Research aimed at developing quantum information science (QIS) is a priority for the DOE. Quantum computers could be very powerful in solving complex scientific problems, including simulating quantum behavior in material or chemical systems. QIS could also have applications in quantum communication, especially in encryption, and quantum sensing. It could potentially have an impact in areas such as national security. “A key question is whether plasma-based fabrication tools commonly used today will play a role in fabricating quantum devices in the future,” Menard said. “There are huge implications in that area,” Menard said. “We want to be part of that.”
Graves is an expert on applying molecular dynamics simulations to low temperature plasma-surface interactions. These simulations are used to understand how plasma-generated ions, atoms and molecules interact with various surfaces. He has extensive research experience in academia and industry in plasma-related semiconductor manufacturing. That expertise will be useful for understanding how to make “very fine structures and circuits” at the nanometer, sub-nanometer and even atom-by-atom level, Menard said. “David’s going to bring a lot of modeling and fundamental understanding to that process. That, paired with our expertise and measurement capabilities, should make us unique in the U.S. in terms of what we can do in this area.”
Graves was born in Daytona Beach, Florida, and moved a lot as a child because his father was in the U.S. Air Force. He lived in Homestead, Florida; near Kansas City, Missouri; and in North Bay Ontario; and finished high school near Phoenix, Arizona.
Graves received bachelor’s and master’s degrees in chemical engineering from the University of Arizona and went on to pursue a doctoral degree in the subject, graduating with a Ph.D. from the University of Minnesota in 1986. He is a fellow of the Institute of Physics and the American Vacuum Society. He is the author or co-author of more than 280 peer-reviewed publications. During his long career at Berkeley, he has supervised 30 Ph.D. students and 26 post-doctoral students, many of whom are now in leadership positions in industry and academia.
A leader since the 1990s
Graves has been a leader in the use of plasma in the semiconductor industry since the 1990s. In 1996, he co-chaired a National Research Council (NRC) workshop and co-edited the NRC’s “Database Needs for Modeling and Simulation of Plasma Processing.” In 2008, he performed a similar role for a DOE workshop on low-temperature plasmas applications resulting in the report “Low Temperature Plasma Science Challenges for the Next Decade.”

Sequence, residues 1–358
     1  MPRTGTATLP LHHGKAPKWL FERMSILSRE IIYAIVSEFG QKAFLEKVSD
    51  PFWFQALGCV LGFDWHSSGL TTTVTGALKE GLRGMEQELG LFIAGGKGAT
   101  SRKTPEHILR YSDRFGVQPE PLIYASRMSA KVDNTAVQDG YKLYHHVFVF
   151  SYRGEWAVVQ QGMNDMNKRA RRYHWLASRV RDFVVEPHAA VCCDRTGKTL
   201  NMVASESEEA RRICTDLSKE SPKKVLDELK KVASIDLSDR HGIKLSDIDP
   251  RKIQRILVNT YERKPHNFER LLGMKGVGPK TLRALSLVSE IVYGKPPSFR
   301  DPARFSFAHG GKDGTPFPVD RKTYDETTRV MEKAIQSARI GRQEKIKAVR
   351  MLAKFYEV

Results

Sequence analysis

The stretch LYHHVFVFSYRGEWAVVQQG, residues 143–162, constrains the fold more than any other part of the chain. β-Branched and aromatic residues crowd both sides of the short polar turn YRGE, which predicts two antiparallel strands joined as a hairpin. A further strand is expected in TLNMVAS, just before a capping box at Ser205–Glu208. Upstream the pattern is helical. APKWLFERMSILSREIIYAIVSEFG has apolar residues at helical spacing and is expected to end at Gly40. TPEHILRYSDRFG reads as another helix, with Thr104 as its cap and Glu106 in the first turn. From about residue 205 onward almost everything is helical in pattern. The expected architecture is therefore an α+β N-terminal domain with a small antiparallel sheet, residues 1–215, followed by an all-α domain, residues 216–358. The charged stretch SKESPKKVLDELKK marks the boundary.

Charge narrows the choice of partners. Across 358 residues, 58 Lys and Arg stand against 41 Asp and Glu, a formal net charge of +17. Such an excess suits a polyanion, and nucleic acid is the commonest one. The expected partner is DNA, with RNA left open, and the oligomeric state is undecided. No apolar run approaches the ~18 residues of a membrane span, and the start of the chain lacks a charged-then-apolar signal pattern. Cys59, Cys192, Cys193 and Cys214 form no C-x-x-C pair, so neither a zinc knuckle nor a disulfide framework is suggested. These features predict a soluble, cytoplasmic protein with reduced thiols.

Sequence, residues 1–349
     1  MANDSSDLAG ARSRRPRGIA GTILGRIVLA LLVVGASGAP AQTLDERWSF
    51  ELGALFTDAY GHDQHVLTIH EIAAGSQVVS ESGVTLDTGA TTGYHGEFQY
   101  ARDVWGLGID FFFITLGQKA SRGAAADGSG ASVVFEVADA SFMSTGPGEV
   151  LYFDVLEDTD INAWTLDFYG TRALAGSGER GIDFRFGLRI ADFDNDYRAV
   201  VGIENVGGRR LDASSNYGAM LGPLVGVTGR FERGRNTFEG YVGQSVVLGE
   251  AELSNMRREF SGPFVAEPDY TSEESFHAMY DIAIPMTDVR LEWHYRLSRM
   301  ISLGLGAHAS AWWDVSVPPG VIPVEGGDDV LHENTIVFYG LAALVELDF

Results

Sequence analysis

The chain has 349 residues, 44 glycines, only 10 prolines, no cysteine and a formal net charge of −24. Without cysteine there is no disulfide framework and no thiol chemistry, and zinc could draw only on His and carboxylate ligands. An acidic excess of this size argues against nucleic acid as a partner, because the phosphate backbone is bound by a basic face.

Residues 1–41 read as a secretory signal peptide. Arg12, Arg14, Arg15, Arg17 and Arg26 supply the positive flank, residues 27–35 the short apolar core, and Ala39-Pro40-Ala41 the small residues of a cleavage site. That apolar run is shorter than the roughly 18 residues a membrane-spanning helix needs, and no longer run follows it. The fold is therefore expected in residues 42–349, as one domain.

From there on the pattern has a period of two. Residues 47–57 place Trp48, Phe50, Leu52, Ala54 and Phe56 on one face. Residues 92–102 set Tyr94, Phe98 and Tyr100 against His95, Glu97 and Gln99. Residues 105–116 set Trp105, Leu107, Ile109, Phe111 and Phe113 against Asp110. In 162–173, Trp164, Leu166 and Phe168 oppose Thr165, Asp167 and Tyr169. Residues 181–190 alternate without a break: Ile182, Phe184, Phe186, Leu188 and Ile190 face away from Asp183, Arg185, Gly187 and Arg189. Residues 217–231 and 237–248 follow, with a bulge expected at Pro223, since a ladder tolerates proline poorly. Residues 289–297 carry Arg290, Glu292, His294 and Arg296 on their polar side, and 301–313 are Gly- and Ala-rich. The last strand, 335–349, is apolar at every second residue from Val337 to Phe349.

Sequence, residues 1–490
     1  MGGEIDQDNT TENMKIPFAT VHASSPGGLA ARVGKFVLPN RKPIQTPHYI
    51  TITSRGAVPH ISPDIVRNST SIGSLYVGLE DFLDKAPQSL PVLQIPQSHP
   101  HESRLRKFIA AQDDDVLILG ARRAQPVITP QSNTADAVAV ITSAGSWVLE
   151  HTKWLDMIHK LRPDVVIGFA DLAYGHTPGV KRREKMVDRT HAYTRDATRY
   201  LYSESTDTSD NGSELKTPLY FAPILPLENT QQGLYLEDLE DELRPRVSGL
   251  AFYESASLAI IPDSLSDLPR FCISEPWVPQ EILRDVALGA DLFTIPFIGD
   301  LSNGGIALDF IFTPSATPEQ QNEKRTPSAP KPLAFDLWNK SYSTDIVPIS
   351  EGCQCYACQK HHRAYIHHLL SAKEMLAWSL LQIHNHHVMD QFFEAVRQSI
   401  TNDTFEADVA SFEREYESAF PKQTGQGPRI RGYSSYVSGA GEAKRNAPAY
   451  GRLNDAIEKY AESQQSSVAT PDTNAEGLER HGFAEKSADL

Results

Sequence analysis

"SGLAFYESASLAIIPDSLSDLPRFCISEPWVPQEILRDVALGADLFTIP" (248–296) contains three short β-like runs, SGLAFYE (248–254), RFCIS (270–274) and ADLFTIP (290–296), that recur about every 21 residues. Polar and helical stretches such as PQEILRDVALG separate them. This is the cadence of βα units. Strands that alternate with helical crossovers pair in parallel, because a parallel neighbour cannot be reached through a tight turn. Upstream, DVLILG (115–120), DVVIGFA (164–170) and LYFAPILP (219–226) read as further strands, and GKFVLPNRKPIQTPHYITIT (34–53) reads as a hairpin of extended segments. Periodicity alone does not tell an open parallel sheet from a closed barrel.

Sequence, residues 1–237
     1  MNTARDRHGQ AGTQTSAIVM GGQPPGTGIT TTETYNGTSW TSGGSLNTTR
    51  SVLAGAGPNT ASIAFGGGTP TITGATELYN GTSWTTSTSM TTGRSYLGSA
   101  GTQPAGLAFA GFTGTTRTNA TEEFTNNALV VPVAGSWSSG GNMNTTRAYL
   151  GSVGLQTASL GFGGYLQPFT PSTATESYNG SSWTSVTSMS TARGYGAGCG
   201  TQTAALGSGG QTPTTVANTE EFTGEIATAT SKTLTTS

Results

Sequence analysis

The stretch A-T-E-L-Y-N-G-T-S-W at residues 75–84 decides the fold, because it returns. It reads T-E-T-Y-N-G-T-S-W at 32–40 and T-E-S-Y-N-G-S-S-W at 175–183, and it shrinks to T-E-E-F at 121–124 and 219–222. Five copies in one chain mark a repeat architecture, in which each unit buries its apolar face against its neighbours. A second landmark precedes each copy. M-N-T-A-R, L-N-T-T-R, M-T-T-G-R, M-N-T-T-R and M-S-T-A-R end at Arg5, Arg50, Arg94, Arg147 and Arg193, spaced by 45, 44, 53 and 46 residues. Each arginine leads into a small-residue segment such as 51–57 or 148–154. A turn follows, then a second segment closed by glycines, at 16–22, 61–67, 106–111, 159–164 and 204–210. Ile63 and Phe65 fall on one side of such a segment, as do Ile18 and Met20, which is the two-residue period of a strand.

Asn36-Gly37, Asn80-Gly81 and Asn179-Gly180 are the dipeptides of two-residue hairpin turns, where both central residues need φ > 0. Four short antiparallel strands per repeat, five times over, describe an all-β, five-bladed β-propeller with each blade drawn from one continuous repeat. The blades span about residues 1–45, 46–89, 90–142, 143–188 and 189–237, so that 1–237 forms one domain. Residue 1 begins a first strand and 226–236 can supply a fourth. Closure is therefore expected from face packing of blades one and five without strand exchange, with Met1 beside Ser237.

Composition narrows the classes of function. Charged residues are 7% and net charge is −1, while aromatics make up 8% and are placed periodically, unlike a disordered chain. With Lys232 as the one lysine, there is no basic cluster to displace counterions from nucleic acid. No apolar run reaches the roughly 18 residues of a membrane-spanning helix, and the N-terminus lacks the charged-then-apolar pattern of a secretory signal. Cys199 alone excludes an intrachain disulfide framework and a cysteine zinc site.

Graves is an admitted Francophile who speaks (near) fluent French and has spent long stretches of time in France as a researcher. He was named Maître de Recherche (master of research) at the École Polytechnic in Palaiseau, France, in 2006. He was an invited researcher at the University of Perpignan in 2010 and received a chaire d’excellence from the Nanoscience Foundation in Grenoble, France, to study plasma-graphene interactions.
He has received numerous honors during his career. He was appointed the first Lam Research Distinguished Chair in Semiconductor Processing at Berkeley for 2011-2016. More recently, he received the Will Allis Prize in Ionized Gas from the American Physical Society in 2014 and the 2017 Nishizawa Award, associated with the Dry Process Symposium in Japan. In 2019, he was appointed 'foreign expert' at Huazhong University of Science and Technology in Wuhan, China. He served as the first senior editor of IEEE Transactions on Radiation and Plasma Medical Science.
Graves has been married for 35 years to Sue Graves, who recently retired from the City of Lafayette, where she worked in the school bus program. The couple has three adult children. Graves enjoys bicycling and yoga and the couple loves to travel. They also enjoy hiking, visiting museums, listening to jazz music, and going to the theater.
PPPL, on Princeton University's Forrestal Campus in Plainsboro, N.J., is devoted to creating new knowledge about the physics of plasmas — ultra-hot, charged gases — and to developing practical solutions for the creation of fusion energy. The Laboratory is managed by the University for the U.S. Department of Energy’s Office of Science, which is the largest single supporter of basic research in the physical sciences in the United States, and is working to address some of the most pressing challenges of our time.